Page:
|Unique Avian Solutions
for Breeding, Genetics,
and Companion Parrots
|Copyright © Linda S. Rubin | CockatielsPlusParrots.com
|Cockatiel Genetics Made Easy!
- 112 pages
- 15 Chapters
- Chapter quizzes
- Chapter answers
- Glossary definitions & more ...
|Used with great success by cockatiel breeders
and zoos worldwide
"Well, there is help on the horizon and anyone
seriously interested in color genetics should take
a look at Linda Rubin's book: COCKATIEL
GENETICS MADE EASY! Though this book is
primarily directed to breeders of cockatiel
mutations, there is enough information in this
volume to teach anyone the secrets of dealing
with recessive, sex-linked, and dominant
mutations. Click to read rest of review
- Dr. Rainer R. Erhart, American Cage Bird Magazine,
Volume 65, No. 12. p. 37.
|Excerpt From Chapter 3
Sex-linkage: Mutations & Symbols
Before we set up a graph to chart the color possibilities of future offspring, we must first learn
how to assign the colors and mutations with symbols with which we plan to work. We shall
begin by discussing the sex-linked recessive mutations. Once we have mastered sex-linked
notation, we will then work with the autosomal recessive mutations. You may want to review this
chapter several times to be certain you understand the material, because you will need to know
this information if you wish to learn to chart cockatiel color genetics.
The following symbols illustrate how sex-linked mutations are written. As you may recall from
the preceding chapter, upper case letters are used to denote the sex-linked recessive
mutations, for example:
L stands for Lutino
P stands for Pearl
C stands for Cinnamon
We simply use this notation and position the genes for these colors and patterns symbolically
by placing them on the "X" sex chromosomes. Remember, the "Y" sex chromosome cannot
carry sex-linked mutations!
To graph a Lutino hen, we must first write down her sex chromosomes:
By assigning one "X" and one "Y" chromosome, we know we have a female (XY). Next, we need
to place the sex-linked gene "L" for Lutino on the hen's "X" sex chromosome. She therefore
Now let's try and graph a Lutino male. We know that the male carries two "X" sex chromosomes,
so we write:
We also know from reading chapter two that we need the Lutino in double quantity
in order for the mutation to be visual, therefore we write:
which indicates a visual Lutino male cockatiel.
Conversely, if we want to indicate a bird with no mutation, for example a Normal Grey cockatiel, we have two ways to illustrate such a bird.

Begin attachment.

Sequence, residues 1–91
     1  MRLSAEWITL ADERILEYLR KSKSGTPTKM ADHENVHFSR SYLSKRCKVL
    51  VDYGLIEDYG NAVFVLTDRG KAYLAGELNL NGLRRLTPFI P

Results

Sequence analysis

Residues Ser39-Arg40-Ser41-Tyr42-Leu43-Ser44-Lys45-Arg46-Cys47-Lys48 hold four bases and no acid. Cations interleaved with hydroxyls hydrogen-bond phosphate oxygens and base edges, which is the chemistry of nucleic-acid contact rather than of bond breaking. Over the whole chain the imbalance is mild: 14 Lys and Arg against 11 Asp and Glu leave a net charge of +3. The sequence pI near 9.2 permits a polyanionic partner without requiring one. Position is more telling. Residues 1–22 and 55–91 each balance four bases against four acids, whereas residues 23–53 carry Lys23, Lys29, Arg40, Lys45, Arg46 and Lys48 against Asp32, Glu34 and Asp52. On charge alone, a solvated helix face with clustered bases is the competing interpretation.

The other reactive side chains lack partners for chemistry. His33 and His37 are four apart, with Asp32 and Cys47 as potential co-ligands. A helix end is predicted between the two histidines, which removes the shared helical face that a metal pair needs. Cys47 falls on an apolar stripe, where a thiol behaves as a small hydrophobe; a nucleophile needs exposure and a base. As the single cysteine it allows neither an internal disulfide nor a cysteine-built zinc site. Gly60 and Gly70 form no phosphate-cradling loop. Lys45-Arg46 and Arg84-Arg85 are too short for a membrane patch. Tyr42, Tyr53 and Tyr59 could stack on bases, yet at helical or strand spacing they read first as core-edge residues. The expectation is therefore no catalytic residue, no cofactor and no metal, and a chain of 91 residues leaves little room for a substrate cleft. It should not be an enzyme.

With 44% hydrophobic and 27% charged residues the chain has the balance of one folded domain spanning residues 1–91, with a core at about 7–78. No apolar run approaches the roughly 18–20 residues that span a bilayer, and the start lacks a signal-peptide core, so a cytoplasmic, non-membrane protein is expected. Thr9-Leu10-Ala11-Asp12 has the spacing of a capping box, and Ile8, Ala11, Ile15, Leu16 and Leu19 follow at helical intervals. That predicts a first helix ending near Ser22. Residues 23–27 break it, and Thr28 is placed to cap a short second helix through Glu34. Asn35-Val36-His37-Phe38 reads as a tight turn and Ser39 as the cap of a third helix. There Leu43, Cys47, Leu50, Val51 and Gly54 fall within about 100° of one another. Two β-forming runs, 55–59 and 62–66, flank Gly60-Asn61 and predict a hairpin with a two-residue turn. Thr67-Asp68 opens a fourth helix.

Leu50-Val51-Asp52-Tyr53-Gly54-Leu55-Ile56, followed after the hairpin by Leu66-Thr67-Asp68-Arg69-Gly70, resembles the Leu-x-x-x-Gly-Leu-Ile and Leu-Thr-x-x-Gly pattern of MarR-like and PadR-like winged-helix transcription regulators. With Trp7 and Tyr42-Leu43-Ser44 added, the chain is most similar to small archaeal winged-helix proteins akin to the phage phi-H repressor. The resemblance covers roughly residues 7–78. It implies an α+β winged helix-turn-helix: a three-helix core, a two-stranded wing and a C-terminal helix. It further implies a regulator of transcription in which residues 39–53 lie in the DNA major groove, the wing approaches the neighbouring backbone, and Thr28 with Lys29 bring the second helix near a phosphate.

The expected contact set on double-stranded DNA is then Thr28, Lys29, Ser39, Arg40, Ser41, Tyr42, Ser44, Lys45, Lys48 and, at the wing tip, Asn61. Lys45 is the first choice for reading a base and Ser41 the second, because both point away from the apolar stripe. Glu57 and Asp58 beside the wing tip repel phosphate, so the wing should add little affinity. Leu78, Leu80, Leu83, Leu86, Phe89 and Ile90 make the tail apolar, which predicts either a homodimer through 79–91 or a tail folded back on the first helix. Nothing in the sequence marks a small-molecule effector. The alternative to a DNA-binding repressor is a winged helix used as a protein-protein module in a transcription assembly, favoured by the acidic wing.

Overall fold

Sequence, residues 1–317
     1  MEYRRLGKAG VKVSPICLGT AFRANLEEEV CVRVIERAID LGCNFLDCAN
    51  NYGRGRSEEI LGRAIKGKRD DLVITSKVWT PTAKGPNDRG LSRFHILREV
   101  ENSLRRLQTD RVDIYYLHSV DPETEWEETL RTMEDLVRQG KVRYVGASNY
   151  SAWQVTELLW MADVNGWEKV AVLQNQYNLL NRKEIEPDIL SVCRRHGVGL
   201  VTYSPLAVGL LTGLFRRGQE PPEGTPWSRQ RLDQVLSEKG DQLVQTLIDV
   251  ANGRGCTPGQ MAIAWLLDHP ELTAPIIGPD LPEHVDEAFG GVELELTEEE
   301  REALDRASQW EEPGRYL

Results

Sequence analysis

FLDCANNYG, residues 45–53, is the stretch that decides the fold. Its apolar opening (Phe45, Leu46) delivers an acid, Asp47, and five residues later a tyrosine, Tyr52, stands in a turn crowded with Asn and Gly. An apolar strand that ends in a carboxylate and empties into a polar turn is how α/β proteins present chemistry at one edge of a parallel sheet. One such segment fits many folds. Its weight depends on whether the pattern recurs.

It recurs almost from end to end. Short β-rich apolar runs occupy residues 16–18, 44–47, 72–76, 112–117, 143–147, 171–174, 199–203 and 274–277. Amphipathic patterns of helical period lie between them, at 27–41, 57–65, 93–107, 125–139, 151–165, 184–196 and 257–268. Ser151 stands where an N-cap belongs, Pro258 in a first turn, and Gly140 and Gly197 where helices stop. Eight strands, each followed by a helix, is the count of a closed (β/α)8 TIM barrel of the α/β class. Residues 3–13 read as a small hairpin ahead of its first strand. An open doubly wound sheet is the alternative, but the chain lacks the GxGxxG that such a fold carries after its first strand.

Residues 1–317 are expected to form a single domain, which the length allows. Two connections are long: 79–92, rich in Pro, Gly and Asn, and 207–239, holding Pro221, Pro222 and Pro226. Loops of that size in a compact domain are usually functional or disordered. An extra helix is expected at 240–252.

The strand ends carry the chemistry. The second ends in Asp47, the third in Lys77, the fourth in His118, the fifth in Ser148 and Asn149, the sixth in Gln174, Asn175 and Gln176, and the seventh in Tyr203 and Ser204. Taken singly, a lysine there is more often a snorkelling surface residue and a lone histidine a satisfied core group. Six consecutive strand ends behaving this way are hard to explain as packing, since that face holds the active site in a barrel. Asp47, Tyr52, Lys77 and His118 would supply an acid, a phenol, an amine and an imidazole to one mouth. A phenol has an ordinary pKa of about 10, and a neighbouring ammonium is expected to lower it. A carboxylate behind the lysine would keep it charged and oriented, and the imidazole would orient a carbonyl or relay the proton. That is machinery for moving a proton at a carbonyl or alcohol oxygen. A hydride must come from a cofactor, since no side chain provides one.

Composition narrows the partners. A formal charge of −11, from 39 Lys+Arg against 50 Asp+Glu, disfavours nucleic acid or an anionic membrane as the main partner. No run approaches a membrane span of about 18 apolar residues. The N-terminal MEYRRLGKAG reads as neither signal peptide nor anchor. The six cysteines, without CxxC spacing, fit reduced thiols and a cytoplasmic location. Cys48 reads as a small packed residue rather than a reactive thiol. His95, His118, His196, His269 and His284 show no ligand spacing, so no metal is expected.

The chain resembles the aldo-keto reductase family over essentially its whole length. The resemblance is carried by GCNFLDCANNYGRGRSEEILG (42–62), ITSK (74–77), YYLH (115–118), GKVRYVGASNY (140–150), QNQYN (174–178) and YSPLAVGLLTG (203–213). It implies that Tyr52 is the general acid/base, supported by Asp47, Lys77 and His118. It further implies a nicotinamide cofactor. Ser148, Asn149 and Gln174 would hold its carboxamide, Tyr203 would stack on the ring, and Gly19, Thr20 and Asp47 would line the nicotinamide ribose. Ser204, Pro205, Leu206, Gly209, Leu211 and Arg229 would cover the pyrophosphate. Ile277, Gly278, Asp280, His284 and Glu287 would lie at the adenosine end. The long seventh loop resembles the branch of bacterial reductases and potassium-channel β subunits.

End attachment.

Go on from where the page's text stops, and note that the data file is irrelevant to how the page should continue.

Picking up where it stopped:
The first method is to simply list the sex chromosomes of the bird (thereby indicating its sex) and write nothing beside the "X" sex chromosomes:
X Y = a Normal Grey hen, or
X X = a Normal Grey male
The second option, which I highly recommend when first learning to chart color genetics is to assign the capital letter "N," which stands for Normal Grey, to any
vacant "X" sex chromosome.
Some students in my workshops have felt more comfortable if they are able to assign something to each "X" sex chromosome they work with rather than leaving an
"X" blank. Either method is correct, and if you feel more comfortable with assigning an "N" to indicate Normal Grey - to an otherwise empty "X" chromosome, then
please do. Just remember, this procedure is only permitted when working with the "X" sex chromosomes, not the "Y."
For now, we will continue to assign the capital letter "N" to stand for Normal Grey for several more chapters until you have progressed to the point where we can
comfortably drop it.
Now, what if we want to indicate a male split to one or more sex-linked mutations? Again, let's break it down. Let's suppose we want to consider a Normal Grey male
split to Lutino. First, we must assign the bird his male sex chromosomes: X X.
Next, by referring back to chapter two, we remember that a mutation must be in double quantity for it to be visual however, "A single quantity on only one "X"
chromosome indicates a bird that is SPLIT. Therefore we write:
XL XN (or XL X)
which reads, Normal Grey split Lutino male. Remember we are using the upper case letter "N" here to indicate there is no other mutation continue